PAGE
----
Saturday, December 31, 2011
As the calendar flips into 2012, I long for an antidote for the bloated demagoguery, fundamentalist tripe and misguided nostalgia emitted for many months now by the Republican presidential wannabes -- and the (so far) timid silence from the Obama camp. I think I may have found it the other day, in the form of an amazing video of former Czech (and Czechoslovak) President Vaclav Havel, who died two weeks ago. On November 11, a visibly ill Havel sat down for a chat with his onetime fellow political prisoner Dominik Duka, who is now the Archbishop of Prague (and presided over Havel's state funeral last week). They discussed a range of serious issues, from their imprisonment, to global politics, to spirituality, while managing to maintain a sense of humor and dignity. They suffered mightily for their beliefs but, unlike many American political and religious figures, did not cheapen their experiences by using them as fodder for a narcissistic jeremiad. The interview is viewable here in Czech and I've begun a rough translation into English. Here's the first bit:
Vaclav Havel and Dominik Duka: Joint Interrogation
In 1981 they met in the Bory prison in Plzen. There arose friendship, respect and mutual inspiration. After 1989, one of these “men destined for disposal” became the first President of the Czech Republic, the other became the Czech Archbishop. Today they sit together again.
Havel: I remember that when we met 30 years ago in jail, the other prisoners who surrounded us -- various murderers, thieves, etc. – said to us: “You’ll be a minister of government,” “You’ll be a Cardinal,” “You'll be president.” And we didn’t like that sort of joking around. But it turned out that in our prison block we had a future senator, a future foreign minister, a future archbishop and a future president. It turned out that those prisoners were right. And they had a far greater historic instinct than we did.
Duka: Well, I can say that one of my interrogators, who was a very talented secret police candidate, had a revelation in 1985. It was before the Velehrad pilgrimage that he called me, and when he said goodbye, he said, “But Father Dominik, you know they made a mistake, they shouldn’t have locked you all up together.” And it was interesting, that this man then fully retired from the State Police, switched to the normal police, and in 1988 he returned to the Skoda auto plant as a worker. Between Christmas and New Year’s in 1989 he came to ask me for forgiveness. He very beautifully told me that he came from a devout family, and said, “My work at the State Police convinced me that the regime is inhumane.”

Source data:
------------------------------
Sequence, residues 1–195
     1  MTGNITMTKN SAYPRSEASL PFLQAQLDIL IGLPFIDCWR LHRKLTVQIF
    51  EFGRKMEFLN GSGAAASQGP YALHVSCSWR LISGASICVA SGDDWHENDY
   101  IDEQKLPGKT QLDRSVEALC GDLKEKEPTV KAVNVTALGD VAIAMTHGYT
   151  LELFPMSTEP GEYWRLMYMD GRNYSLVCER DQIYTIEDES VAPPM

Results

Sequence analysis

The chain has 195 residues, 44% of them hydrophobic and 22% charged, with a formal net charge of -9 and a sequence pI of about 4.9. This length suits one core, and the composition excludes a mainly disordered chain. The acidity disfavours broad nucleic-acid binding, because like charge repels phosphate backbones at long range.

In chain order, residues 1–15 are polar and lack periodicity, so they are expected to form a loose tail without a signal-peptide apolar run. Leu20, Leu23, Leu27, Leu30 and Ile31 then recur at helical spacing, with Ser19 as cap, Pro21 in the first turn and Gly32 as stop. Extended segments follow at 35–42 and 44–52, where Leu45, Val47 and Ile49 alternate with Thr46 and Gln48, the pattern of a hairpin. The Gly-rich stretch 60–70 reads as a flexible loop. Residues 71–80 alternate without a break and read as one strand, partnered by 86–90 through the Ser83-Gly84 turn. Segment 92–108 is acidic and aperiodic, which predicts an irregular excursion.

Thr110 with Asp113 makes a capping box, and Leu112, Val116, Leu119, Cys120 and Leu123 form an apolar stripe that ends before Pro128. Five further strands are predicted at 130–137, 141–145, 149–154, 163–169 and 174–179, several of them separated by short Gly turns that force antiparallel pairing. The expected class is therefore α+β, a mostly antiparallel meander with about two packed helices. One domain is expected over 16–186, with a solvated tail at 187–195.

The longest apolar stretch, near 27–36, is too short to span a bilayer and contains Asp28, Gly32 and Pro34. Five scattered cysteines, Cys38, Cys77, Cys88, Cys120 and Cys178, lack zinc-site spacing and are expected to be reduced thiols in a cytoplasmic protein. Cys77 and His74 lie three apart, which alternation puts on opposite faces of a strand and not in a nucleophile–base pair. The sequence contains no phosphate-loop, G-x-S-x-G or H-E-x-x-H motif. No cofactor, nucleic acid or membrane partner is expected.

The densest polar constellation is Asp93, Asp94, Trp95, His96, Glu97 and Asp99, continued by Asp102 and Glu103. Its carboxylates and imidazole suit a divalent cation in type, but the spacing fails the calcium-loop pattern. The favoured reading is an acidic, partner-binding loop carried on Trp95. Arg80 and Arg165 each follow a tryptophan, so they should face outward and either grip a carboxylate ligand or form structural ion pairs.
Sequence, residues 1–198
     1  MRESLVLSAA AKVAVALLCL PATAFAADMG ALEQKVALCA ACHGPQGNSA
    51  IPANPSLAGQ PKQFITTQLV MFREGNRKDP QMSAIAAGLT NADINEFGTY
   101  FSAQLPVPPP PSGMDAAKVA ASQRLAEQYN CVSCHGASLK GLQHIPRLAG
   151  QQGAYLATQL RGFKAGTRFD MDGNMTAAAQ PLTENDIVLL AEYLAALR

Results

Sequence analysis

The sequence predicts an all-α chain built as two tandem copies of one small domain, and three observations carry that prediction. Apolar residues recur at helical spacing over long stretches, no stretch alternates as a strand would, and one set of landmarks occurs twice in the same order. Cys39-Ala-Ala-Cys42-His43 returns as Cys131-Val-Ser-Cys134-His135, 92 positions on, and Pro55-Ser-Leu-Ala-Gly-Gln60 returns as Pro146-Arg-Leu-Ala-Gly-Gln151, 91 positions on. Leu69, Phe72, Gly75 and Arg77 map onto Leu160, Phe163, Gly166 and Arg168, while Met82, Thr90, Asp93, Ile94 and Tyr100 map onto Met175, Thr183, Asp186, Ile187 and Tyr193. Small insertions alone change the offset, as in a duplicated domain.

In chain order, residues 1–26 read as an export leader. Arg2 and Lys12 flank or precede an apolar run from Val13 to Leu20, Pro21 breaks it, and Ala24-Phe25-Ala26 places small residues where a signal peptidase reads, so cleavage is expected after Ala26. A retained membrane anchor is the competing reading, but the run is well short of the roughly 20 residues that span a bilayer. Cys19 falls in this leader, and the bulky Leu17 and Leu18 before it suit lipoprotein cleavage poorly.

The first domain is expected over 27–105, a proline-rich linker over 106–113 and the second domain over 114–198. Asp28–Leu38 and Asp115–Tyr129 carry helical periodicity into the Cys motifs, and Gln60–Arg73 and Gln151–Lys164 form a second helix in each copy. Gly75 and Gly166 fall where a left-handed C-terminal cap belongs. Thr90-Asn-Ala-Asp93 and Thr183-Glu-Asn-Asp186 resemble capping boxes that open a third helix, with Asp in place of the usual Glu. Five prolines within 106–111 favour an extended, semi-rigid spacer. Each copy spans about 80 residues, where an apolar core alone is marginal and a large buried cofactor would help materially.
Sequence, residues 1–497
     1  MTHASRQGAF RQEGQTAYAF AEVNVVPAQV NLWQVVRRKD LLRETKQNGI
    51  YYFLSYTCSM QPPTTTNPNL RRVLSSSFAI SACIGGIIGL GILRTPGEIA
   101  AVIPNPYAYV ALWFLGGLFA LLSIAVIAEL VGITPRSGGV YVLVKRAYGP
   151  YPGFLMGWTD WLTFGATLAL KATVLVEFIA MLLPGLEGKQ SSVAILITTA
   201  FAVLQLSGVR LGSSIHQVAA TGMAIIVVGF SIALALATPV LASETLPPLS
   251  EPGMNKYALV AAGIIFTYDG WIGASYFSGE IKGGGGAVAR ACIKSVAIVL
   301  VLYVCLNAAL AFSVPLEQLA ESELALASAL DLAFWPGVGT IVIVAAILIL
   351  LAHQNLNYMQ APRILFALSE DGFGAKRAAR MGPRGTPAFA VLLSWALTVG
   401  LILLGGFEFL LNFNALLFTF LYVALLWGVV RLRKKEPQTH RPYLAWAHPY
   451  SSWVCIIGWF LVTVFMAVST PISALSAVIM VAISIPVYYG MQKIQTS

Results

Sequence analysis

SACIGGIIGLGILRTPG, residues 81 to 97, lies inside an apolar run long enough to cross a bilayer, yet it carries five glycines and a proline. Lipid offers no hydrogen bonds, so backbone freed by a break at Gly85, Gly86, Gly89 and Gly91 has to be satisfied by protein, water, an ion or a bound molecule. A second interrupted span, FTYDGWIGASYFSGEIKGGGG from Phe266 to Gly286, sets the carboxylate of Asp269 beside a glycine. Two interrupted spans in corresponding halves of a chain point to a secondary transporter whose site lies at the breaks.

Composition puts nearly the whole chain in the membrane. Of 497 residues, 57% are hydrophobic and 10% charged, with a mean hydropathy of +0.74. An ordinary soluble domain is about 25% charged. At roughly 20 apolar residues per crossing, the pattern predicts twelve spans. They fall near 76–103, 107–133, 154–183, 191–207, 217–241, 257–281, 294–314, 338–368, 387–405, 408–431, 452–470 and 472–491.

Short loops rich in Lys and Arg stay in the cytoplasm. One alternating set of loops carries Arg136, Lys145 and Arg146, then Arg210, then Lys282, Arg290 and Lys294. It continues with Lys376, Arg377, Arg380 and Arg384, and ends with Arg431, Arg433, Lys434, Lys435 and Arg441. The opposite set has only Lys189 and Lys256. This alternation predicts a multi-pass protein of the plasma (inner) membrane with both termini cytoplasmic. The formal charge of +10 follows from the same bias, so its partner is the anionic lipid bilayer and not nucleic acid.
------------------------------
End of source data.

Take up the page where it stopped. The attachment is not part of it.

Havel: If we are going to remember our joint stay in prison after all these years I must mention the secret service that we held in Bory. It was a Sunday, when at some point prisoners were allowed to play chess. We established a chess club and under the guise of chess we attended Mass. I also remember well during compulsory gymnastics in the yard when you gave a small sermon.
Friday, December 30, 2011
So much for the fiscal belt-tightening espoused by New Jersey Governor Chris Christie. While Mr. Christie stumps for Romney in Iowa, a federal judge just ordered New Jersey to pay $10,000 to a disability rights group suing New Jersey's human services commissioner for violating the rights of psychiatric patients. The judge ordered the sanctions due to the abusive and dilatory litigation conduct by the private attorneys hired and paid by New Jersey (which, mind you, has several hundred assistant attorneys general on payroll). If I were a New Jersey taxpayer, I'd be a little peeved.
Disclosure: I represent the disability rights group, and wrote, argued and won the motion.
You can read the judge's opinion describing the abusive and dilatory tactics employed by New Jersey's hired guns here.
You can check out the judge's order putting NJ on the hook for $10,000 here.
Finally, you can watch a 2-minute TV broadcast about the case featuring an interview with me here.